- A. Yes, it was definitely intimidating. What concerned us the most was the CG look of it all, but things have changed a lot in the 10 years that have passed since the previous film was made and we were confident to get it right.
Q. But you surely have to take into consideration the fact that you just can’t please everyone…
- A. That’s true. And you have to be aware of that and take it with a pinch of salt, as we are just trying to make people laugh and have a good time in the cinema. That’s our agenda.
Q. So, was it hard to get the story and the script right?
- A. The main problem about taking an 11-minute cartoon and expanding it into an 85-minute film is, first of all, that it implies a different kind of writing. For instance, in the TV show most of the characters are meant to be kind of hyperactive; but how do you make a feature film about hyperactive characters without driving people crazy?
Q. Who is your favorite character of the SpongeBob universe?
- A. I think my favorite is Mr. Krabs. He is so single-minded, and it’s hilarious to see the depths he goes to for his greed! He is lucky to have SpongeBob as his employee, but I just think he is the worst boss ever.
Q. Was it key to keep the spirit of the TV show in the movie?
- A. Oh yes, and Paramount agreed with that. Sometimes it’s hard to avoid things being lost in translation, but I think we have been quite successful in keeping the spirit of the show.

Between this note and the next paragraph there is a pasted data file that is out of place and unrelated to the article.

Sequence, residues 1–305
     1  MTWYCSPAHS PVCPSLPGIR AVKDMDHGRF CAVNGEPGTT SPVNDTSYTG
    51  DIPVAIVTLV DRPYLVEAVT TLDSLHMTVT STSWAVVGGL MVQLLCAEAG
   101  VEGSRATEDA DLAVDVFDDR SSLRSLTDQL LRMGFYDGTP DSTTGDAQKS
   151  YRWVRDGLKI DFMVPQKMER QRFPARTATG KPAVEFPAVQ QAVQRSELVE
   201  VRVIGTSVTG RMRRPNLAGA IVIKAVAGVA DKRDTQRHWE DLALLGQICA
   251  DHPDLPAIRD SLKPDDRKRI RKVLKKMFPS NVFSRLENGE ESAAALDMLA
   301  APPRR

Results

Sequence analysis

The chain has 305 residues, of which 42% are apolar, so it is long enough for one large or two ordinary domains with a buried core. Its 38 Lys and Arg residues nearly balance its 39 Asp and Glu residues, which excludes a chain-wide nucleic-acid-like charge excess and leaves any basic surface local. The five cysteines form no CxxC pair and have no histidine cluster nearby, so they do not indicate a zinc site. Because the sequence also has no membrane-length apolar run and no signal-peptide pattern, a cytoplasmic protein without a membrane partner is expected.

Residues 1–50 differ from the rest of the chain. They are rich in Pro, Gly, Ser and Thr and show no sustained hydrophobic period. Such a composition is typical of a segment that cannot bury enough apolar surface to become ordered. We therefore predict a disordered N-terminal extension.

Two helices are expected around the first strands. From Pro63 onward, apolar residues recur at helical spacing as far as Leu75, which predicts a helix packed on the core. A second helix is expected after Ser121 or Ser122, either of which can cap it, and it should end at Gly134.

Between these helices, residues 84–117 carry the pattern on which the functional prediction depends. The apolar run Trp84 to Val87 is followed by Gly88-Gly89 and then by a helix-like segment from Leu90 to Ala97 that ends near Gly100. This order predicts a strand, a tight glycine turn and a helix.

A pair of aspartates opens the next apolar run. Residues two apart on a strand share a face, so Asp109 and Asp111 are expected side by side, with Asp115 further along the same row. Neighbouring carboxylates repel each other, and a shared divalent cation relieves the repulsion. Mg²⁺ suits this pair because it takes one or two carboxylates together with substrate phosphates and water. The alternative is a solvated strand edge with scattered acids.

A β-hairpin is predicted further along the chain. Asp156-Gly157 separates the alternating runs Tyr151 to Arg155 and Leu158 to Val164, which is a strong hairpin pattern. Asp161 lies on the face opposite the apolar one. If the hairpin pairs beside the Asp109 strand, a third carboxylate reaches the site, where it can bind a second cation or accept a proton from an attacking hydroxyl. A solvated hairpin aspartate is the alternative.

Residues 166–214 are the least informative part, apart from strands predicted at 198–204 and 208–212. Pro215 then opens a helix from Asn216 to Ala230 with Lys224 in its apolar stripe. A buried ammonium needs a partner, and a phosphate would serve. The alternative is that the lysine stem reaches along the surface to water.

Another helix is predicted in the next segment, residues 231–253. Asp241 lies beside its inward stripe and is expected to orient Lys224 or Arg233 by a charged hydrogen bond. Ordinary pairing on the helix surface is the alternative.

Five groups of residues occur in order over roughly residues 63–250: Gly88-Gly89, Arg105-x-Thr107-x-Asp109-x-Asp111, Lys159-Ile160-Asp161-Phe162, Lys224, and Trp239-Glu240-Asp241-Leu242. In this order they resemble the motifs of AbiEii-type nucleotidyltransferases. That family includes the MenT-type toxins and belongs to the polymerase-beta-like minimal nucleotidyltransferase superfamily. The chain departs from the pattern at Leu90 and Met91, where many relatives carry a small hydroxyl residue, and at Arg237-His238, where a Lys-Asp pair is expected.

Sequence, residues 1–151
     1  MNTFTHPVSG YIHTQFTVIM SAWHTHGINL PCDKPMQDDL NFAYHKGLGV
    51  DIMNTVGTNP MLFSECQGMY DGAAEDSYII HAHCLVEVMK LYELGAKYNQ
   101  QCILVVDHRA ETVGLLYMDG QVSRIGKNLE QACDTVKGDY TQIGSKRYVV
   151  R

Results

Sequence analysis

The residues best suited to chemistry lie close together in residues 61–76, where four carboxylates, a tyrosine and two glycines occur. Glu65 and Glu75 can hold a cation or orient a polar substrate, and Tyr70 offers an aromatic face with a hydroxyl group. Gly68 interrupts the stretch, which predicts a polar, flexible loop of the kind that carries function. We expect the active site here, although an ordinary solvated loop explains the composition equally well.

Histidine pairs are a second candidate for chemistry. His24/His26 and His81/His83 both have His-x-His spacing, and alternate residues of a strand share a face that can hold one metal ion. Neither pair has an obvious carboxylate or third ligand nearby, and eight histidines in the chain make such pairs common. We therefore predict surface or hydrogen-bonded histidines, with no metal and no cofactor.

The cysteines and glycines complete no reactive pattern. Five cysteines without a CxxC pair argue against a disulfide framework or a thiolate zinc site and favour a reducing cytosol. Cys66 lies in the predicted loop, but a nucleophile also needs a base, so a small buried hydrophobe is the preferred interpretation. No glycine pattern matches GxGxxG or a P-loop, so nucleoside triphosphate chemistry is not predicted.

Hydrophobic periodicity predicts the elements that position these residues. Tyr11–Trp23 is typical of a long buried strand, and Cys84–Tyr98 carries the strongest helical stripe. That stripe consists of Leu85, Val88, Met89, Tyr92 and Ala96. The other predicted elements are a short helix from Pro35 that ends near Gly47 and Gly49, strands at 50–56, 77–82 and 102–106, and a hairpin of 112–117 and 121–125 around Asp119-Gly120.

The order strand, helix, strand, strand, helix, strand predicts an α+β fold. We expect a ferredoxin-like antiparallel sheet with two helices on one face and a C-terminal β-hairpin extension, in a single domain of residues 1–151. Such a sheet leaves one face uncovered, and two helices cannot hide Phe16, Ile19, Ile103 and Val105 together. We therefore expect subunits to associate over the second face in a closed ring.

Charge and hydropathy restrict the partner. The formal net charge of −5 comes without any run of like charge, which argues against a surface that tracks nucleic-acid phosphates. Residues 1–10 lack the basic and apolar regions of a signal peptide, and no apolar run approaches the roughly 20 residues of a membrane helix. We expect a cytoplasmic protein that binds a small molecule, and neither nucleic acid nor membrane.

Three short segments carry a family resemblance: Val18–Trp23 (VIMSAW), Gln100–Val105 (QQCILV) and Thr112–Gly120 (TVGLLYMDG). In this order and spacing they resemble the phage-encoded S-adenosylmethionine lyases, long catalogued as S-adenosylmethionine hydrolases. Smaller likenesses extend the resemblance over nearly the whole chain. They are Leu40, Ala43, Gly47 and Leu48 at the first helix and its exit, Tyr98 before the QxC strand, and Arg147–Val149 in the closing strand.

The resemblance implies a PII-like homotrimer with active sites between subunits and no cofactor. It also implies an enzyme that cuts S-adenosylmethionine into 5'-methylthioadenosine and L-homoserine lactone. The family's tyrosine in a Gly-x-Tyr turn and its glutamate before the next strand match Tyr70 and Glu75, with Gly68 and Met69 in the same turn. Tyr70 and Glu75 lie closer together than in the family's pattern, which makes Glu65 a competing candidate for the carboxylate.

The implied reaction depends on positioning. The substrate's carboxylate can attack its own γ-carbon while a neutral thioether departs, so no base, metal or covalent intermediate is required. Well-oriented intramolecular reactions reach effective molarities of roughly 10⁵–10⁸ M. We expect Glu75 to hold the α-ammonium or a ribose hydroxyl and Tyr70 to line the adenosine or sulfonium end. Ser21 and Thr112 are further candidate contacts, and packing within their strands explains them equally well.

Q. How did the idea of giving your main characters superpowers come up?
- A. The idea actually came from a past TV episode, although in this case we wanted to make sure that the powers related to each character; so, we kind of super-charged their own personality traits.
Q. And did you enjoy directing the voice actors?
- A. Yes, even though it was the part of my job I had the least amount of training in, because these guys have been together doing this for years and they really know the characters and play off each other so well.
Q. How do you look back at this whole experience?
- A. As a great opportunity that allowed me to do some fun and crazy stuff.
Check out the trailer below and click on the Blu-ray packshot for the full-size image:
Reviewer of movies, videogames and music since 1994. Aortic valve operation survivor from the same year. Running DVDfever.co.uk since 2000. Nobel Peace Prize winner 2021.